Lawrence Cann is the Founder and CEO of Street Soccer USA. In June 2014, Street Soccer USA and the U.S. Soccer Foundation unveiled a new Sport Court mini pitch at HELP USA’s East New York location in Brooklyn, NY.
The U.S. Soccer Foundation met an urgent need for a safe place to play after school in one of the least-served areas of Brooklyn. The new mini pitch at HELP USA in East New York is surrounded by three multi-family supportive housing buildings and sits across the street from a 200-unit family homeless shelter. Prior to the opening of the new street soccer court, children in the neighborhood after school program were limited to an unevenly surfaced courtyard and a small indoor multi-purpose room when it came time to play or engage in any physical activity. In general, children from the community are limited in their access to open space due to the turf wars that still persist in their neighborhood.
For the after school program, not only was the existing play space limiting, but it isolated the program from the surrounding community. Now, after school program participants have an exciting, outdoor venue for healthy activity, and equally as important, the program’s visible presence in the neighborhood has catalyzed several new partnerships and service linkages. For example, the after school soccer program now partners with Brownsville Multiservice Family Health Service, the local federally qualified health center, which ensures that 100% of participants receive annual dental exams and health screenings. Other partnerships that have taken place include one with the local high school; members of the Thomas Jefferson women’s varsity soccer team will utilize the space to practice and serve as mentors, role models, and volunteers at the after school program.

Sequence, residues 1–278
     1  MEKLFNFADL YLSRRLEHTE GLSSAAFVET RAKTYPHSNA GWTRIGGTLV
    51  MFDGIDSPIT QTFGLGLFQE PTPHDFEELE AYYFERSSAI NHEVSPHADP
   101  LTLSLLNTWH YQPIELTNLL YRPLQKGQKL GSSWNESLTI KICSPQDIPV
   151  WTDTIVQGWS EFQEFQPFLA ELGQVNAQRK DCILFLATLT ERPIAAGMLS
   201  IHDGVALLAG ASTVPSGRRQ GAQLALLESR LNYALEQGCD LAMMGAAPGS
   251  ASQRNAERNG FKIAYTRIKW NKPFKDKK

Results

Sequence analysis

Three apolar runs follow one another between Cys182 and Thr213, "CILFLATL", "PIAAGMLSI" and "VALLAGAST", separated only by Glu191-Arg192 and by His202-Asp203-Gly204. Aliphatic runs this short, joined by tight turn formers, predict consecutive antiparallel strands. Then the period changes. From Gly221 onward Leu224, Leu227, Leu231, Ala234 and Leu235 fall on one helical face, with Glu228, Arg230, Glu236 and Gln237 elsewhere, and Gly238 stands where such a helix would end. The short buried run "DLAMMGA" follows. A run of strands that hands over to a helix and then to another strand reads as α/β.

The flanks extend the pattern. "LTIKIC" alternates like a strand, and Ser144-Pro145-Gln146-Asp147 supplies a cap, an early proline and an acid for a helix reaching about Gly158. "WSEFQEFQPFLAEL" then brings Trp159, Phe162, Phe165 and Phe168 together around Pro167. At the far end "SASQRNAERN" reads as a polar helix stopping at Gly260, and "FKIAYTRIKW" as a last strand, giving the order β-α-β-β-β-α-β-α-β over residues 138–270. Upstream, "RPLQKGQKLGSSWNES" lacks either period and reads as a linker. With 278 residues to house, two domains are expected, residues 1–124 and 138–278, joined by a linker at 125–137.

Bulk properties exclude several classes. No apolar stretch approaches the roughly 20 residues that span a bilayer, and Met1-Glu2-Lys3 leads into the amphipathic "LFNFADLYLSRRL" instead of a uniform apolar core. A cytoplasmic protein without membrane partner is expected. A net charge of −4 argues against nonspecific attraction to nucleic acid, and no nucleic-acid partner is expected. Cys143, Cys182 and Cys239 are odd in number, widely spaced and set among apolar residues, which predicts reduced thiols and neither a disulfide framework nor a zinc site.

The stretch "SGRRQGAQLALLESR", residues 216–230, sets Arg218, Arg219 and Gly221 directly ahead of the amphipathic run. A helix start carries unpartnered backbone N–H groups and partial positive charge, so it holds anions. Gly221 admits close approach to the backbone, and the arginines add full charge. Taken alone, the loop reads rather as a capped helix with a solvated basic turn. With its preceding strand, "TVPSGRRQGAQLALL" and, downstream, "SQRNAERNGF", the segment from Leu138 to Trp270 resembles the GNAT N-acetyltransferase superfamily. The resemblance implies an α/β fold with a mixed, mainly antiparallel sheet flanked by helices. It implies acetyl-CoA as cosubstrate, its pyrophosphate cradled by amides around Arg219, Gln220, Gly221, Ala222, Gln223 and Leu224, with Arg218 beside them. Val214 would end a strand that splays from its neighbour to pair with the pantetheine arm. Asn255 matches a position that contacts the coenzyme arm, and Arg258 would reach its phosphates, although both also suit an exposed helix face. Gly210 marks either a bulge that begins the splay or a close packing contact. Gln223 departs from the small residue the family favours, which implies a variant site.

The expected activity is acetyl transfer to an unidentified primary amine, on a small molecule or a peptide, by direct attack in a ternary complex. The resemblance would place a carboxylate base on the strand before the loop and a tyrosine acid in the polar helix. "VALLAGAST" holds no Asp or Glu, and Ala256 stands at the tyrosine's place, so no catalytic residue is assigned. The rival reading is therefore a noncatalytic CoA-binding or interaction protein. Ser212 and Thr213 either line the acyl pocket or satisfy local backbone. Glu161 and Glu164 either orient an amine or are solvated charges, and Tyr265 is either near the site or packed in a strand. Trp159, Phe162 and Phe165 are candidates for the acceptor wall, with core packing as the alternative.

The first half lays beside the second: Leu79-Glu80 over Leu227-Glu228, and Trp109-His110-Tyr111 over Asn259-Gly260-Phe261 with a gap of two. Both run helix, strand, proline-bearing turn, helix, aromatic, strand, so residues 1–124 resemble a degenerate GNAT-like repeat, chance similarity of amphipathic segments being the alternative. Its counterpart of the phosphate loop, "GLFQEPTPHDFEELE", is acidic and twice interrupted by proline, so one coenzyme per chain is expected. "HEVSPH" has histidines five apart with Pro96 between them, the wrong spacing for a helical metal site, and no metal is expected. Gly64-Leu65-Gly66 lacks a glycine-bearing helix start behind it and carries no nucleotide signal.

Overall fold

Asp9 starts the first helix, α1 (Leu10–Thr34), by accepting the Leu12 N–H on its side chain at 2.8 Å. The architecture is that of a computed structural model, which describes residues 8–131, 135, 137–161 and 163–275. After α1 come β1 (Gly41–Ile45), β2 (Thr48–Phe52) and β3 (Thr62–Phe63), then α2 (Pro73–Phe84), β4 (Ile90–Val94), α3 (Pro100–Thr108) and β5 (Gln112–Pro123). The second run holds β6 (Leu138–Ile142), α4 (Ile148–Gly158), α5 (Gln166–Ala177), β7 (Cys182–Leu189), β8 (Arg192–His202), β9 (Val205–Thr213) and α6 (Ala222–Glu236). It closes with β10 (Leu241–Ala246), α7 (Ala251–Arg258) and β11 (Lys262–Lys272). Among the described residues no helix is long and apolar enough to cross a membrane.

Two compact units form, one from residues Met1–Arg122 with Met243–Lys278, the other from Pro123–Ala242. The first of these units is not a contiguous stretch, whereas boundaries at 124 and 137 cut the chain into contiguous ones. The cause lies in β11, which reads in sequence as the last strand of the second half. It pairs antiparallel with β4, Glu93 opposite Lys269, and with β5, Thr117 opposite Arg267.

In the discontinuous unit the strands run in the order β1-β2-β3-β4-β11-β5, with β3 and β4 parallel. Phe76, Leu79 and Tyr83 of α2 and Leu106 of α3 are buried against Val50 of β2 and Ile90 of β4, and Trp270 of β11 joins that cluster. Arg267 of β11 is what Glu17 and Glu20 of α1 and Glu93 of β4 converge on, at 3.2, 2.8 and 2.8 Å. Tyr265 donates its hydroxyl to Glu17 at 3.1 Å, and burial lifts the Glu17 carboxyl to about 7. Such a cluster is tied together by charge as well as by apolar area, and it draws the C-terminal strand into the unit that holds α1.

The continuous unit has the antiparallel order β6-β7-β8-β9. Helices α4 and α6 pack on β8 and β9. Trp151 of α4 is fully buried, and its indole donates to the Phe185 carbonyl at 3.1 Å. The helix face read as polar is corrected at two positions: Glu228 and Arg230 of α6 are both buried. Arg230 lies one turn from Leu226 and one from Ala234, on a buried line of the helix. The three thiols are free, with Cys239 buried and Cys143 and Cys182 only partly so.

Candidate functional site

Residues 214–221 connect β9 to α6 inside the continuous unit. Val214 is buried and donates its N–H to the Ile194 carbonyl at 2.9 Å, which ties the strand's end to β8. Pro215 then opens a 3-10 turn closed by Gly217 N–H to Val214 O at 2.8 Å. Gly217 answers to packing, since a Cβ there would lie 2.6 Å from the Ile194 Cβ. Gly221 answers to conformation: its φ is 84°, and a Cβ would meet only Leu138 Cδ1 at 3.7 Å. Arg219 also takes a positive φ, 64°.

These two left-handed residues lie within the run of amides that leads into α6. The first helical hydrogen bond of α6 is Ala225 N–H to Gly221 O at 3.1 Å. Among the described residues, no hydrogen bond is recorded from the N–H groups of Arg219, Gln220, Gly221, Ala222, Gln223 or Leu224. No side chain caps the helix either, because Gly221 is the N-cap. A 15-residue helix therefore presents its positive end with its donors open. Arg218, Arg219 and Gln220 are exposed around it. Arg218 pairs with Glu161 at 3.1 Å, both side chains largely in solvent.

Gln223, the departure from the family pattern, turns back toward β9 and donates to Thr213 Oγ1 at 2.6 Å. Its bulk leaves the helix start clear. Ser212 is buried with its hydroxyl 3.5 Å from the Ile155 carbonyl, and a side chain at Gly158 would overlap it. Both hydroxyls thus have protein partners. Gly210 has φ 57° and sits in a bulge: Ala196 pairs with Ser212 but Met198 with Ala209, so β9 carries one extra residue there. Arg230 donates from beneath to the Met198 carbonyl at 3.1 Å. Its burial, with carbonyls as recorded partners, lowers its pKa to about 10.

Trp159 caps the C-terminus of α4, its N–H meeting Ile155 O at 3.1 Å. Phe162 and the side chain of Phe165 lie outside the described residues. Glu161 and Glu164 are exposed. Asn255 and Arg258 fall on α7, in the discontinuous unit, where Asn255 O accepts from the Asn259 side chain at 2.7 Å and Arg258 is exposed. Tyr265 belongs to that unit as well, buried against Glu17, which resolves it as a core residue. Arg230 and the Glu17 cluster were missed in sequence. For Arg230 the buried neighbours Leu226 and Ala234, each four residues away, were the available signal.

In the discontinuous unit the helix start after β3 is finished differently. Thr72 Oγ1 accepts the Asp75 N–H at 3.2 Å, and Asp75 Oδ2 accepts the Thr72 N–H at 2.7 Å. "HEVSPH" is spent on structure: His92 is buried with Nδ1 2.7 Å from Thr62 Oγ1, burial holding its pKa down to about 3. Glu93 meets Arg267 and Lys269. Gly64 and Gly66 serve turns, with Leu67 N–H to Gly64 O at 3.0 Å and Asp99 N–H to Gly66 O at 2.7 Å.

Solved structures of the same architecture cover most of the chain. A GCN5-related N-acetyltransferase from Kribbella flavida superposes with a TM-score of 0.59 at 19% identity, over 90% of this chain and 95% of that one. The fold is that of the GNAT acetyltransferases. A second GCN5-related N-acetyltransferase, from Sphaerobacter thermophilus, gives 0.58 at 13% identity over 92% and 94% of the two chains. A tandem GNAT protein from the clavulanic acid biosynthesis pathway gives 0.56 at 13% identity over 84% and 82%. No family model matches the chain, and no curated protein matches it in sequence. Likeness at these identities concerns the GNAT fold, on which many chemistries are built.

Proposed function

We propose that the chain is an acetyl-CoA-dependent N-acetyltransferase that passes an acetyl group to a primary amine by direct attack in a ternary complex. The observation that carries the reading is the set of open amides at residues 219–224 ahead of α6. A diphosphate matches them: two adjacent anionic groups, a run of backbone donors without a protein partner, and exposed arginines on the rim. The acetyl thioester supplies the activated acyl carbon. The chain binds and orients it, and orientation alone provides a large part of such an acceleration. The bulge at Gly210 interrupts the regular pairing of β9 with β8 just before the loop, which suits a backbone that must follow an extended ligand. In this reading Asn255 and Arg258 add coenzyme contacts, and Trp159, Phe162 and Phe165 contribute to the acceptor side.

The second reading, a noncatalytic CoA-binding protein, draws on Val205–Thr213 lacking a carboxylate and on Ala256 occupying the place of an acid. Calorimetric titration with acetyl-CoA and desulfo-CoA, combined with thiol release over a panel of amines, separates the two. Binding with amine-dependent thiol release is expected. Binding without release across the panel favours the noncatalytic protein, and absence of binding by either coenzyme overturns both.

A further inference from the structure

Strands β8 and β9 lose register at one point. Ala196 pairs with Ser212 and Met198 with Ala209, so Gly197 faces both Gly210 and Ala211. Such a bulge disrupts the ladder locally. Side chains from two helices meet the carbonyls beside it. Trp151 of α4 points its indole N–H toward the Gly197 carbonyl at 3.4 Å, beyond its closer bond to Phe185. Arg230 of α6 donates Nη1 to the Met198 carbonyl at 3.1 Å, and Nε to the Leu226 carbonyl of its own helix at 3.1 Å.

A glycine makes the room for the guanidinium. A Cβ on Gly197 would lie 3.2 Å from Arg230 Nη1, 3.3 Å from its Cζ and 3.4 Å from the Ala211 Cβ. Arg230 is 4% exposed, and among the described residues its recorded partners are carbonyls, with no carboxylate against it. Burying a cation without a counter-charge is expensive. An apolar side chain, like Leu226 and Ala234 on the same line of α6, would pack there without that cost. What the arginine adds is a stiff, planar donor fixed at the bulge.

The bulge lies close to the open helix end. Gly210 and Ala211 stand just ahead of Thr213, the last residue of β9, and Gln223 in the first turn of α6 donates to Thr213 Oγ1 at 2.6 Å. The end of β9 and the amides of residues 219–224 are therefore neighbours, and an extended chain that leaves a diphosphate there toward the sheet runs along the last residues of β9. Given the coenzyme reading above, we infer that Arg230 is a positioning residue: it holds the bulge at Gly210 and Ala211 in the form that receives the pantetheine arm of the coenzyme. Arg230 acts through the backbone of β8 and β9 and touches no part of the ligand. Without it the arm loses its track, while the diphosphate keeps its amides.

Another important development has taken place with the local domestic violence counseling center, called HELP R.O.A.D.S, run by HELP USA. Women who visit for individual or group therapy sessions are now able to enroll their children in the after school soccer program. This partnership has encouraged some of the women to join Street Soccer USA’s adult practices and has allowed us to engage clinical workers in our program to help identify signs of potential trauma among youth participants – a practice we are now formalizing and pursuing funding for from city, state, and federal sources.
Furthermore, the success of this field has motivated city council members in four other districts to host meetings about bringing mini pitches and soccer programs to their communities. A neighboring low-income housing project has already submitted a proposal to install two new fields and to run after school programming at their 2,400-unit development. Initial response has been favorable, and our hope is to start in the spring of 2015.
In just a few short months, the mini pitch at HELP USA has already had an immeasurable impact on the health and well-being of the surrounding community. What started as project to provide a safe place to play has resulted in a catalyst for ongoing positive change; its impact will be felt for years to come.